Love and Fermented Food Will Heal the World
”Yes, you must kiss as many as possible in as many places as possible”. Charlotte commented, as I turned to her with eyes as big as plates.
We were at Krogerup Home Farm – Aarstidenes Farm Shop and Research Centre and my world had just been turned upside down by lecturer Soren Ejlersen the Chef and passionate Co-founder of Aarstiderne.com.
Me, who for decades had cleaned my home and myself with spirits and almost wore surgeons outfit when cooking was sipping a microbe filled kombucha tea spiced up with bark straight from a local ash tree.
“When we showed the ash bark kombucha to the people from the Veterinary and Food Administration, they didn’t know quite what to make of it to start with." Soren told us.
In this blog
The Good and The Bad bacteria
The Stomachs That are Rumbling the Most
The Mood Boosters
It's so easy. It’ so cheap. It's so healthy. It tastes so good
1. The Good and The Bad bacteria
I have started to take fermentation lessons, because I’ve been a little hesitant about my results so far. I find that my apartment smells suspiciously after a few days and as per my bacterial anxiety, I’ve also thrown out the contents of several jam jars without even tasting it. I therefore raised my hand during Soren’s PowerPoint presentation:
"Does it have to smell strange?" The indulgent smiles on the faces of the microbe-loving gathering around me answered my question – I obviously don’t have to be so worried. It’s those healthy bacteria that works and multiply that we want.
"Fermentation smells – so not to worry." Soren replied.
Soren proceeded to tell us that we are all colonies of microbes and that we have lived together forever. We have evolved with bacteria for thousands of years, we transfer the bacteria to each other, which makes us stronger and the bacteria maintain many of our most vital functions - they let us digest food, maintain our immune system and maintain our intestinal flora, and the list goes on. Actually, there are more and more indications that a strong immune system and a healthy intestinal system are inextricably linked.
A perfect microbiological world exist en every human being. Bacteria cover us; and most of these bacteria live in our stomach and intestines.
For thousands of years humans have survived winters on stock of fermented food. The fermentation makes the product retains its vitamins, and also makes them easier for the intestine to absorb. The vegetables are in general easier for the stomach to break down because the lactic acid bacteria break down the plant cells for us - for example, it is much easier for the stomach to break down fermented cabbage than raw cabbage.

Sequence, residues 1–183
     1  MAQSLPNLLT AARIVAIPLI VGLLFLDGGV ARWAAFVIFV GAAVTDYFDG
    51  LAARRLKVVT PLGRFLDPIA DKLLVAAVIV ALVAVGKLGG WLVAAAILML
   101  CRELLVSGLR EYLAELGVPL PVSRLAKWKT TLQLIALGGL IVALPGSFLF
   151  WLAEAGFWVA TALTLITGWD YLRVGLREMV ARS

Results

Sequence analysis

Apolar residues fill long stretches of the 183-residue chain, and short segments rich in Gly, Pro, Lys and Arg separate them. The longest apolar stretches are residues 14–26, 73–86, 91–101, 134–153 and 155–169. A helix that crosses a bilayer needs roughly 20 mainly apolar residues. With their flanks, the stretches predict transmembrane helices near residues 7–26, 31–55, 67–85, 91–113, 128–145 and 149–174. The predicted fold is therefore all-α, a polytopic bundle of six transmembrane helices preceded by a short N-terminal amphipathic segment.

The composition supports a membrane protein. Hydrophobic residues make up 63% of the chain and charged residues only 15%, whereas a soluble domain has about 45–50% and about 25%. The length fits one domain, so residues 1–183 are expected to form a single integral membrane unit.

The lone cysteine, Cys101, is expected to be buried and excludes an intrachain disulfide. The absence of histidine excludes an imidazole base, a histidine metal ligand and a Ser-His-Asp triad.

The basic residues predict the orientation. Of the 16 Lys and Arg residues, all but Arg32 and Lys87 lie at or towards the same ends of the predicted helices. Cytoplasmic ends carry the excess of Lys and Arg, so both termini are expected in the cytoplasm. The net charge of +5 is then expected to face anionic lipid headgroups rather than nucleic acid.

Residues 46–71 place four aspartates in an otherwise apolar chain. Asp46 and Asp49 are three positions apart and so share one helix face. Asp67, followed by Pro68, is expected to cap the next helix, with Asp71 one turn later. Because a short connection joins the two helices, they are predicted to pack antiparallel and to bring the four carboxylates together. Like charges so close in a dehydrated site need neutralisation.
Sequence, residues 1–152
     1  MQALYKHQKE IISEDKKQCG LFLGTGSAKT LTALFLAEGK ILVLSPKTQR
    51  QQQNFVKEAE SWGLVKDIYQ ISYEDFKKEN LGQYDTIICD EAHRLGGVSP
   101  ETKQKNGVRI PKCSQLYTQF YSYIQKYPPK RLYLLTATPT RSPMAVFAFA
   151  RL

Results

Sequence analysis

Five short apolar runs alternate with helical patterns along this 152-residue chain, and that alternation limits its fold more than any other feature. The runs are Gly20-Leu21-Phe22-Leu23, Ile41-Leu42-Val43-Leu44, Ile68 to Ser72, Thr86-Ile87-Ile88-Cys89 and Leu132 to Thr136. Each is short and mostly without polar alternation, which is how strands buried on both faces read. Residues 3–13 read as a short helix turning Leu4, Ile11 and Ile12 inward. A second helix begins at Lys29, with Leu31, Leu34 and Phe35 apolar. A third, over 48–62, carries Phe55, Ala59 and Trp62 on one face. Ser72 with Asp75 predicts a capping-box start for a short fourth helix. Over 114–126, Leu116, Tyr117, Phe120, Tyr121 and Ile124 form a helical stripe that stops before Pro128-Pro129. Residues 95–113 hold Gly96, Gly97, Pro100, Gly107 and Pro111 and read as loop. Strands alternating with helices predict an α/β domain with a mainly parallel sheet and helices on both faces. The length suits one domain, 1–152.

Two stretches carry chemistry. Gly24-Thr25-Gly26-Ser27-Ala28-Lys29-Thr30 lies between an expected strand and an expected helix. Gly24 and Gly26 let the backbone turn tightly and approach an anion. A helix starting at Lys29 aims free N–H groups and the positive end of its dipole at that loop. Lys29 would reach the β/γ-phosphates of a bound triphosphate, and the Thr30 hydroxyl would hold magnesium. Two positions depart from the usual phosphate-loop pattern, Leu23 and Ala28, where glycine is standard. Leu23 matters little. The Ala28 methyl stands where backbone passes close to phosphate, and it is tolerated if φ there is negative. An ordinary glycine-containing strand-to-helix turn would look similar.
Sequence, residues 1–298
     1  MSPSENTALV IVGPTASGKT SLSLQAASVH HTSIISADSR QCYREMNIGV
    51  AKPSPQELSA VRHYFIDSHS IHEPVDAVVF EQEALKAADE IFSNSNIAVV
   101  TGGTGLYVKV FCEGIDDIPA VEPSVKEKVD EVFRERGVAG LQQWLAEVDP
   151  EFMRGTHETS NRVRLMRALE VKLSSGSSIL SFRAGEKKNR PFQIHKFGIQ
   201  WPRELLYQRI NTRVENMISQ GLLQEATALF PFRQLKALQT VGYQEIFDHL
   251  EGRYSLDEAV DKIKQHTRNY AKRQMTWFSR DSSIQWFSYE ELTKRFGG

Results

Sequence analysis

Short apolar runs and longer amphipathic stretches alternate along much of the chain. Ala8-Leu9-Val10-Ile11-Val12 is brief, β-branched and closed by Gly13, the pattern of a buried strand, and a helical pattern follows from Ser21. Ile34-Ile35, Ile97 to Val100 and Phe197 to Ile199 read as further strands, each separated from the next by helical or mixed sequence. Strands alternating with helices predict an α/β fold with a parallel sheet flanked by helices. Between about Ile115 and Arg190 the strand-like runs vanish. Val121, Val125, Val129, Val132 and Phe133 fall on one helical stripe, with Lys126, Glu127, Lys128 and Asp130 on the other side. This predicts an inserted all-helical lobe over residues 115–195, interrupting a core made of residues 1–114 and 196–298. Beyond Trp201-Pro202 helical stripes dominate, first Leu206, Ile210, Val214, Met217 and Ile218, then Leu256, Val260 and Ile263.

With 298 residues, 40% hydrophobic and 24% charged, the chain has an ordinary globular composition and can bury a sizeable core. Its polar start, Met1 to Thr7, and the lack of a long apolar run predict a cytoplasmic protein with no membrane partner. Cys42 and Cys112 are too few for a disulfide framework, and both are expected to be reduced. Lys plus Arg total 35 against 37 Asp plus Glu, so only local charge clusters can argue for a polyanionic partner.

Probiotics means "pro life" and are beneficial intestinal bacteria, which improves digestion and the entire body. Every time we consume living fermented food, we inoculate our gut with these beneficial bacteria.
The era of fast and processed food put an end to much of the living food. Although only less than 1% of existing bacteria cause disease are virtually all bacteria in the food industry today eradicated and the pickled food you can buy in supermarkets today are "dead" foods.
We need lots of good bacteria to eradicate the bad ones. But even the bad bacteria or pathogens have a purpose. They challenge and strengthen our immune system and make us stronger. A sterile environment is a fragile environment. So no more religious housekeeping, and get out there and kiss the world,,,,
2. The Stomachs That are Rumbling the Most
"Can you get too much it?" someone from the crowd asked (- without any subsequent indulgent smiles, I noted).
"The other day a mom called me because her son had been flatuled after drinking six bottles of kombucha in one day –which is almost two litres." Soren said. "First, I was pleased that a teenager had preferred kombucha, although it was a bit too much - but it’s said that the stomachs that are rumbling most when they get fermented food, are those who need it the most. So if you have a good intestinal flora, you can hardly get too much - if you don’t, you have to slowly grow the gut accustomed to it. "
3. The Mood Boosters
Fermented foods do more than breed bacteria — they generate happiness, too. They balance bad bacteria in the gut and influence the release of serotonin — a chemical that contribute to a person’s feelings. Not only do they send these chemicals to the brain, but also boost a system of neurons in the gut to impact a person’s mood.
The good bacteria signal the release of serotonin and cause less activity with bad bacteria, which feeds off carbs and sugars. When there are more bad bacteria than good bacteria the unbalance can cause digestive issues, weight gain, stress, anxiety and depression.
4. It's so easy. It’ so cheap. It's so healthy. It tastes so good
Ferment the leftover vegetables and fruits from the fridge, from the garden and the pulp from the juicer.
Salt, plants and time is basically all what’s needed in most fermentation recipes. The principle is this: If you, for instance, have a cabbage, an apple and a cucumber, that you know you won’t eat before it rots, you chop them up, weigh, add salt, massage until the veggies releases the juice, put it in canning jars and leave for a few weeks.
Use fermented food as a flavour enhancer instead of salt. Mix it in salads or eat as a dip or pickles. Here are some inspiring recipes.
I still scour my ingredients thoroughly; scalds the canning jars before use and wear plastic gloves while massage my veggies. Of course one should keep a good kitchen hygiene, but according the fermentation nerds you don’t have to be too fastidious, because we do want the bacteria. From now on it might not scare me so much to kiss a baby with a snotty nose.
“Love Will Heal the World” and “Spread Love”. The hippies’ old slogans now have a new and deeper meaning
Fermentering. Kraut Kimchi og kombucha af Shane Peterson, Søren Ejlersen & Ditte Ingemann